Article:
Movie Review: “The Social Network”
“The Social Network,” along with “Inception,” is one of my most anticipated films of the year, and turns out to be equally phenomenal. A controversial cultural phenomenon, Facebook has revolutionized the way people connect and communicate on a global (and personal) level.
David Fincher (“The Fight Club,” “Se7en,” “Zodiac,” “The Curious Case of Benjamin Button”) and Aaron Sorkin (“A Few Good Men,” “The West Wing,” “Charlie Wilson’s War”) have teamed up to tell the story behind the founding of Facebook and the meteoric rise of its founder, Mark Zuckerberg. Clear direction, brisk script, snappy dialogues and canny acting make this fact-based fiction, pieced together from depositions of two lawsuits, a compelling character study and social experimentation.
In 2003, 19-year old Mark (Jesse Eisenberg) is inebriated and upset. He has just been dumped by his girlfriend, Erica Albright (Rooney Mara), in a bar, and he can’t get into the most exclusive, final clubs at Harvard. In his dorm room, he spitefully blogs about Erica and hacks into the school’s directory of houses. The result was facemash.com, a website that rated the hotness of female students. It resulted in 22,000 votes in two hours and crashed the university network. All of a sudden, Mark, a genius, nerdy techie, becomes one of the ‘cool’ kids on the block. Never mind that he gets grilled by the ad board and receives six months of academic suspension.
Mark’s notoriety draws the attention of twin rowing athletes and future Olympians, Cameron and Tyler Winklevoss (Armie Hammer and Josh Pence), and a partner Divya Narendra (Max Minghella). They approach him to do programming work on an online dating site called Harvard Connection (later changed to Connect U). Meanwhile, a light bulb goes off; their conversation about the concept of the site becomes the inspiration of his own site.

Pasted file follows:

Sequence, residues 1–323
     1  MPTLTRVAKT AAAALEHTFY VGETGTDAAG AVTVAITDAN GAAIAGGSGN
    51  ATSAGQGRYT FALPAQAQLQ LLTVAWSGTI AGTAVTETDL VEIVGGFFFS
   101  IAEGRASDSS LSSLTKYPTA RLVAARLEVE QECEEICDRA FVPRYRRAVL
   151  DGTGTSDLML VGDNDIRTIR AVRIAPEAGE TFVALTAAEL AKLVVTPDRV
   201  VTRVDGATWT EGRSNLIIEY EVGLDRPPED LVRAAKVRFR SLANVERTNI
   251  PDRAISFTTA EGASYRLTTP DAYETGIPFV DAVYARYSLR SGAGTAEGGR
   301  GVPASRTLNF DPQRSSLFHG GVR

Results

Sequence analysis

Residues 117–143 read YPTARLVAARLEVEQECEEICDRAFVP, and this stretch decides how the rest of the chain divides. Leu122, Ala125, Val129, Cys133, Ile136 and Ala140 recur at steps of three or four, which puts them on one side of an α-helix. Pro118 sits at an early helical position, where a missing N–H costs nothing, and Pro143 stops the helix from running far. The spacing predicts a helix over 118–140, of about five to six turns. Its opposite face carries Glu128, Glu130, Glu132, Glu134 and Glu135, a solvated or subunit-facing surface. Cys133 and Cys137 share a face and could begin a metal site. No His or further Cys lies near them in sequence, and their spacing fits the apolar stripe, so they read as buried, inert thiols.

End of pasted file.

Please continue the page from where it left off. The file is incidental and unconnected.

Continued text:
Mark turns to his best friend, Eduardo Saverin (Andrew Garfield), for assistance on the business end as co-founder and CFO. Eduardo is onboard and bankroll the future company with $1,000 of seed money. Bidding his time for more than 40 days, Mark works tirelessly – on his own project – and appears to have neglected the Harvard Connection site. His site is shortly known as The Facebook, where Harvard students can post their profile and pictures, and exclusively connect with one another. “Facebook me” or ‘friend’ me becomes the hottest invitation on campus. It’s also interesting to see how the “relationship status” (who’s hooking up and breaking up) comes about. Realizing that Mark has taken their initial idea and spins it around into something of his own, the Harvard Connection trio fume and pursue legal actions.
Like wildfire, The Facebook’s expansion is inevitable. Ivy-league schools, and soon other universities are onboard. Conflicts soon ensue. Eduardo, thinking like a “normal” businessman, attempts to garner advertisers’ money to further fund the site. In the meantime, it just so happens that Sean Parker (Justin Timberlake), the nearly broke founder of music-sharing site Napster (sued by the music industry), finds The Facebook by accident and connects with Mark. The two find themselves on the same wild wavelength, with Mark looking up to Sean as the more experienced business partner.